Icing on wind turbine blades and on instruments
For wind turbines and measuring equipment placed in areas with frequent or occasional sub-zero temperatures, the possibility of ice accretion must be considered. Ice accretion on turbine wings will reduce the turbine’s efficiency and may cause undesirable aerodynamic vibrations or even instability. Icing on instruments and measuring equipment may lead to erroneous readings or even permanent failure.
These issues may be addressed in our in-house facility, the Climatic Wind Tunnel (CWT), by testing aerofoils, wing sections, wind turbine components and measuring equipment in a velocity range up to 32m/s in critical climatic conditions, i.e. with ice accretion. The CWT has a test section of 2x2m², and its cooling unit is capable of controlling and keeping a long-term average temperature down to -10°C, depending on the wind speed. A rotatable spray bar system is located in the settling chamber after the honeycomb and allows the simulation of in-cloud icing conditions.
Siting of wind turbine parks in complex terrain
For wind turbine parks in hilly or mountainous terrain, it is necessary to consider the wind conditions across the specific site in order to ensure an efficient location of the wind turbines.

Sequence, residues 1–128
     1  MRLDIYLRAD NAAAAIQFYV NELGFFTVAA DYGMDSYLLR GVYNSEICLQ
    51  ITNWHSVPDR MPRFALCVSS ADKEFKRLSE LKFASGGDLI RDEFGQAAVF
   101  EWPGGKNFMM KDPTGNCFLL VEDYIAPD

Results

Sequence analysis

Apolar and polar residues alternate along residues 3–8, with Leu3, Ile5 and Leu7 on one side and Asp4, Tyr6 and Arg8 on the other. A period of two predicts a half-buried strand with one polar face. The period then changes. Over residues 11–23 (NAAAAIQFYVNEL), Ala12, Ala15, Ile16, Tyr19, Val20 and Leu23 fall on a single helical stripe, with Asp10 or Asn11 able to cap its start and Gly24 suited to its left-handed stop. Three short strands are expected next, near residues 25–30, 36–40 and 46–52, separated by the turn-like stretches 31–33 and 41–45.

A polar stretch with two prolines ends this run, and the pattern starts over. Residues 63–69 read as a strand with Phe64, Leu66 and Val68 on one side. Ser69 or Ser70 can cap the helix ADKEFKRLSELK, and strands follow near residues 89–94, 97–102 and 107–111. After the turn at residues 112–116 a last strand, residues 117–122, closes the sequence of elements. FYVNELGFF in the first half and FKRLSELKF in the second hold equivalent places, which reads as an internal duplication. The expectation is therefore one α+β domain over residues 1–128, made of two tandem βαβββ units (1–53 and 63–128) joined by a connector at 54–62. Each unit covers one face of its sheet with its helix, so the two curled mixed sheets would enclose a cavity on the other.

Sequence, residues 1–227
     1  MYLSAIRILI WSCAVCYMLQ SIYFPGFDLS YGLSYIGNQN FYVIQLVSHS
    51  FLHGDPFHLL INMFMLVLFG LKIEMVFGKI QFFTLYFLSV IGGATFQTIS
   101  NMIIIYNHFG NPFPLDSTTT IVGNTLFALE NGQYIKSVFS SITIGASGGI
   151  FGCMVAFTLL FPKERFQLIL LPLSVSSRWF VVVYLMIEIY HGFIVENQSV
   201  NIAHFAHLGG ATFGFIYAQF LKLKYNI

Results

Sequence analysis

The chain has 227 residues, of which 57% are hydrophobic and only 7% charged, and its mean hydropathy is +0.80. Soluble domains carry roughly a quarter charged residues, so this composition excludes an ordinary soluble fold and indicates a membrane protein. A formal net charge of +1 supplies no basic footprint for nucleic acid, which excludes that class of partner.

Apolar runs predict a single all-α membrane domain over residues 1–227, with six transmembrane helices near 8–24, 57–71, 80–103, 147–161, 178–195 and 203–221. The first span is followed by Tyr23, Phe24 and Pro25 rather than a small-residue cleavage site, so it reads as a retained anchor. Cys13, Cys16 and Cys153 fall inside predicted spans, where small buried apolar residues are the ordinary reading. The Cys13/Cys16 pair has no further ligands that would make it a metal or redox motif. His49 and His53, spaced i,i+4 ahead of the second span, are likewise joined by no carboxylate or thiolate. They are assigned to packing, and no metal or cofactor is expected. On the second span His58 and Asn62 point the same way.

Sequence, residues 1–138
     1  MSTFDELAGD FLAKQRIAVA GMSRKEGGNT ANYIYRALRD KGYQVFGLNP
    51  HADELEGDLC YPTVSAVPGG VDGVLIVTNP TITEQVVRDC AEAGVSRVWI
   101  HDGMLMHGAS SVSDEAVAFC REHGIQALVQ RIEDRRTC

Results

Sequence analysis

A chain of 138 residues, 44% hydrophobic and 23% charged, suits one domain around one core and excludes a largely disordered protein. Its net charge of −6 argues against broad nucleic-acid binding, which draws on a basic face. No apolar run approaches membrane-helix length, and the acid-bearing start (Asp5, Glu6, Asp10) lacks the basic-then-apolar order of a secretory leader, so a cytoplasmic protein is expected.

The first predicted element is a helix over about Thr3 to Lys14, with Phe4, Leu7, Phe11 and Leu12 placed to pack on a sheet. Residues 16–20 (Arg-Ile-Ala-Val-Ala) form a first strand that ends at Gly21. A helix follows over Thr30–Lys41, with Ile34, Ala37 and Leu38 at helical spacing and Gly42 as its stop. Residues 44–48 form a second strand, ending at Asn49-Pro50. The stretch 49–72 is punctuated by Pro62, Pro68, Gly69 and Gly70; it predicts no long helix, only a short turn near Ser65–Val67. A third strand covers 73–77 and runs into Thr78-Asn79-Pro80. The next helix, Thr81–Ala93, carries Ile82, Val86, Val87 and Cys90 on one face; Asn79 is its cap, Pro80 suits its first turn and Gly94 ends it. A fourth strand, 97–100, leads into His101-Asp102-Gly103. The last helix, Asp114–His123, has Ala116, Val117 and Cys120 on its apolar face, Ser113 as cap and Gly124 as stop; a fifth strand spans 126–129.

Wind tunnel simulations
In the wide boundary-layer wind tunnel, we test large-scale terrain models with a detailed representation of the site and its surroundings. Our tests provide the developers with an accurate description of the wind conditions for possible locations of the wind turbines.
In addition, the tests may provide the wind conditions for planned positions of anemometers at or near the site and compare these with existing meteorological stations in the site’s vicinity.
Based on digital maps of the site, the terrain surface is described using 3D CAD-software. From this software, milling files for our automatic milling machine are generated. This permits a fast and precise model production. The terrain model investigations are normally conducted for areas covering several kilometres. Typical model scales are 1:1000 to 1:2000.
The experimental approach to evaluate the wind conditions at wind turbine sites is accurate and also cost- and time effective.